A final burden on traditional voting lies outside the 11 states that allow Election Day Registration, with the foresight it requires. Registering to vote weeks before an election may be less and less compatible with the user-friendly generation’s attention deficit aided by media overstimulation and other forces. Today, we can make a last minute reservation, order dinner to be delivered on a whim, spontaneously purchase a flight across the country with earned miles, call a ride across town with a few swipes, and so much more. With world time racing faster than ever, we are less conditioned to plan in advance for certain kinds of events. Overstimulation means constant prioritizing. With all the other burdens on traditional voting, registering to vote may soon fall further down the list.
This same overstimulation and hyper-connectedness brings a host of new possibilities for social change and mobilization, but it must be managed carefully if it is not only to remain conducive to, but also actively enrich representative democracy. The eventual ubiquity of social media alone presents an enormous opportunity to diffuse positive social norms that may fade as we transition from strong ties/small networks to weaker ties/large networks. Facebook reminded all of its users to vote in the midterm elections this past Tuesday and allowed users to share this activity with friends. Social media’s weak networks may be perfectly suited to dissipate a culture of civic engagement, creating its own rewards for voting. From publicly sharing one’s own voting habits to spreading celebrity efforts to “Get Out The Vote,” the preferred tools of the user-friendly generation are not necessarily hostile to the democratic project, and may in fact inject it with renewed vigor.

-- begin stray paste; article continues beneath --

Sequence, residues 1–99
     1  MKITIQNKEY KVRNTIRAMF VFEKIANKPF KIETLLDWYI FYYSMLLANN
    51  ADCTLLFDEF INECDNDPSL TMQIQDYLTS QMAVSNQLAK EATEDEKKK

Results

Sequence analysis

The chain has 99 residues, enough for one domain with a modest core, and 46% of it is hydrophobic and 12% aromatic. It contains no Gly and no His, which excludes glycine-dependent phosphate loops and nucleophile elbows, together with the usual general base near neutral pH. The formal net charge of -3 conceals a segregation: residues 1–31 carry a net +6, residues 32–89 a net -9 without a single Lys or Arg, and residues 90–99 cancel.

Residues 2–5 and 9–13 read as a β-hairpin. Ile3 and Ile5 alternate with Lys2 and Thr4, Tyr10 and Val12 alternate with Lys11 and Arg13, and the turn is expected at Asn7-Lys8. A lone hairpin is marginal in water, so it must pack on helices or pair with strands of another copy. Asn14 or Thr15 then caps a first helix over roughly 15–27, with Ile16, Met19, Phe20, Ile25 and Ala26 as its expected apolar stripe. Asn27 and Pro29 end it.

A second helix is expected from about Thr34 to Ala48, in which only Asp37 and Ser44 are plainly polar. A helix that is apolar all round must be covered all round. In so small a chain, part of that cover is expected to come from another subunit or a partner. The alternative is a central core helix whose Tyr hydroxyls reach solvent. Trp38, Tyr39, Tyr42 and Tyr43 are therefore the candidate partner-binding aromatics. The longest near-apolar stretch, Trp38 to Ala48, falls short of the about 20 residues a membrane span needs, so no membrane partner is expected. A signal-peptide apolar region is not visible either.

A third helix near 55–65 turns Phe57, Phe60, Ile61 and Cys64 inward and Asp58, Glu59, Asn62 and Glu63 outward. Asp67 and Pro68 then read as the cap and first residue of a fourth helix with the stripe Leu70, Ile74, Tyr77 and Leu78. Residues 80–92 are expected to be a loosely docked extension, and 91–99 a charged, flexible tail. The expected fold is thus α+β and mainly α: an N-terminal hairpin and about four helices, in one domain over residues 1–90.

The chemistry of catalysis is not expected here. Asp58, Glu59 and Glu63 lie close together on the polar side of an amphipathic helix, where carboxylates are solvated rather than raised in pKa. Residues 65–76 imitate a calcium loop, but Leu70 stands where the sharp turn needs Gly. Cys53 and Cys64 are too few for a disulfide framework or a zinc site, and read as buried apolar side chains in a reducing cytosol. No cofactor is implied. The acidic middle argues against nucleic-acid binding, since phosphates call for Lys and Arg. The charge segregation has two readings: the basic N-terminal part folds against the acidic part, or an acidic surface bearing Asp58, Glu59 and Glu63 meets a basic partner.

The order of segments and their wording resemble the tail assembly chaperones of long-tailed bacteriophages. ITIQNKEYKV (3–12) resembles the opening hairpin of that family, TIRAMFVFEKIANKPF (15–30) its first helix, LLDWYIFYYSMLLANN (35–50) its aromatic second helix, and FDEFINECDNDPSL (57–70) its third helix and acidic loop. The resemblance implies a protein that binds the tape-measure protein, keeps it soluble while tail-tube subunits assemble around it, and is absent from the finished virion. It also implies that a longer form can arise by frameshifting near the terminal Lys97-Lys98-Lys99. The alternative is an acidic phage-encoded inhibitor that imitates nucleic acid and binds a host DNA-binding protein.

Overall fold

American-style democracy is still the envy of much of the world. Our commitment to the democratic process is a fundamental element of our national character. A great many brave men and women sacrificed a great deal to secure for us all the privilege of voting. Our duty is to proactively and intelligently adapt our systems in order to keep our representative democracy alive and well. Coretta Scott King reminds us, “Freedom is never really won. You earn it and win it in every generation.” It’s up to us to win it again.